The strategist questioned whether the headlines were worth it, saying it would be surprising if the small tiffs were making anyone pay attention beyond the immediate news cycle. “It’s doing more harm than good,” the strategist said.
But Democratic strategist Eddie Vale said the sharp exchanges are “totally normal and expected” and expects the party to come together in the end to defeat Trump.
“Within our party there are some big and small differences on policies as well as overall strategy of how to beat Trump,” Vale said. “And that’s normal and healthy to have that debate. These fights will also strengthen the candidates and show who can give and take a punch. If you can’t deal with some criticism in a Democratic primary, you certainly aren’t ready to go toe-to-toe with Trump.”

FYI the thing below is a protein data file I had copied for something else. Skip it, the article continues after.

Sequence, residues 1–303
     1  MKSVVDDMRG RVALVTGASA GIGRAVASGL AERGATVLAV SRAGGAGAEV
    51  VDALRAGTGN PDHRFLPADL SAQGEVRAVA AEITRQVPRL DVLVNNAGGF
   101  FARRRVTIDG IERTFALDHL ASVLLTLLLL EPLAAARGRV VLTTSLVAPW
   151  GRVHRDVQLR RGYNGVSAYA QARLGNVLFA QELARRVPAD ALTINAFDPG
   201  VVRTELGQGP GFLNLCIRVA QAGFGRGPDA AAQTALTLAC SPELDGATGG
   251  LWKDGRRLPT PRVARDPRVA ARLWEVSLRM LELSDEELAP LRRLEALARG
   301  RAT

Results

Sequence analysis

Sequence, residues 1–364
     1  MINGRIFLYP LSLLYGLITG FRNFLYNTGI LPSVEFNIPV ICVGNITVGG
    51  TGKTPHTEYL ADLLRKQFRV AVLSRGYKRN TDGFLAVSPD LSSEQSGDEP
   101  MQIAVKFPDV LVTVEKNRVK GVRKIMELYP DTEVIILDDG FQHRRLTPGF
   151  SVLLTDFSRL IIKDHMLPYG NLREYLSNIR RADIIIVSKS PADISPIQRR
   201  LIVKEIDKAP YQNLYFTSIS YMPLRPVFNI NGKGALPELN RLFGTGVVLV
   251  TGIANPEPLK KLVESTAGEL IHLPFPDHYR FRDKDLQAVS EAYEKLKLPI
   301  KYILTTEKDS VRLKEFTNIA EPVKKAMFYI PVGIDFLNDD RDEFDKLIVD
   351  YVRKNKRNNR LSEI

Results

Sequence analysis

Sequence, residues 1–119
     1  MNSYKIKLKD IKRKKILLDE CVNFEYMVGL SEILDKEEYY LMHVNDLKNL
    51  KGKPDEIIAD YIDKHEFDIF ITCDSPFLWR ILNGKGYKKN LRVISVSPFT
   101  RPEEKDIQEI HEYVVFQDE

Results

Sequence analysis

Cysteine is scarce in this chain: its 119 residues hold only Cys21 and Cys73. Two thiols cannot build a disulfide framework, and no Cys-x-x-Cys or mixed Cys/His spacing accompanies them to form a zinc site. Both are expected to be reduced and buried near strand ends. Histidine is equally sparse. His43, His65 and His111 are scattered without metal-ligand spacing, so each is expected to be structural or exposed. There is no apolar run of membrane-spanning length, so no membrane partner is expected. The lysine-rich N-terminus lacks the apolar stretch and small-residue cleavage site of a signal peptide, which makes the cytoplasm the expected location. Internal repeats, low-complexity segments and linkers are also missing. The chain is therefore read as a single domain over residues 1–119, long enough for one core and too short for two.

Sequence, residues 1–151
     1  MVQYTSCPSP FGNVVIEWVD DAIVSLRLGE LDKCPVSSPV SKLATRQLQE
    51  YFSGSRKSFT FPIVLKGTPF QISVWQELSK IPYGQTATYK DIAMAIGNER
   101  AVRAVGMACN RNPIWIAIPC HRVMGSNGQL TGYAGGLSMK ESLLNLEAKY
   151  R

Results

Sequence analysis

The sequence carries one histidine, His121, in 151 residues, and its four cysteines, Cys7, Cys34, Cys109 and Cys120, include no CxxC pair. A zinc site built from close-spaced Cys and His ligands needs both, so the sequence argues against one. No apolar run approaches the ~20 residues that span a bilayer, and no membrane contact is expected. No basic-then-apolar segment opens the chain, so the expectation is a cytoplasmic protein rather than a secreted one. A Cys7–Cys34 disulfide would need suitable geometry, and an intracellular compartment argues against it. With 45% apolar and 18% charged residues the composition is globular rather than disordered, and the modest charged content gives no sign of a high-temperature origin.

The GOP primary fight in 2016 was one of the nastiest on record. At one point, Trump accused Sen. Ted CruzRafael (Ted) Edward CruzMatthew McConaughey on potential political run: 'I'm measuring it' Professor tells Cruz that Texas's voter ID law is racist Schumer moves to break GOP blockade on Biden's State picks MORE’s (R-Texas) father of being involved in the assassination of President John F. Kennedy.
Cruz called Trump a “pathological liar” and a “moron.”
“The man cannot tell the truth, but he combines it with being a narcissist. A narcissist at a level I don’t think this country has ever seen,” Cruz said after Trump’s insinuations about his father.
In the end, Republicans for the most part rallied around Trump.
“No one thought that Trump would win the primary, but he made it through by being the strongest candidate in the field,” Vale said. “And the same will happen on our side this time.”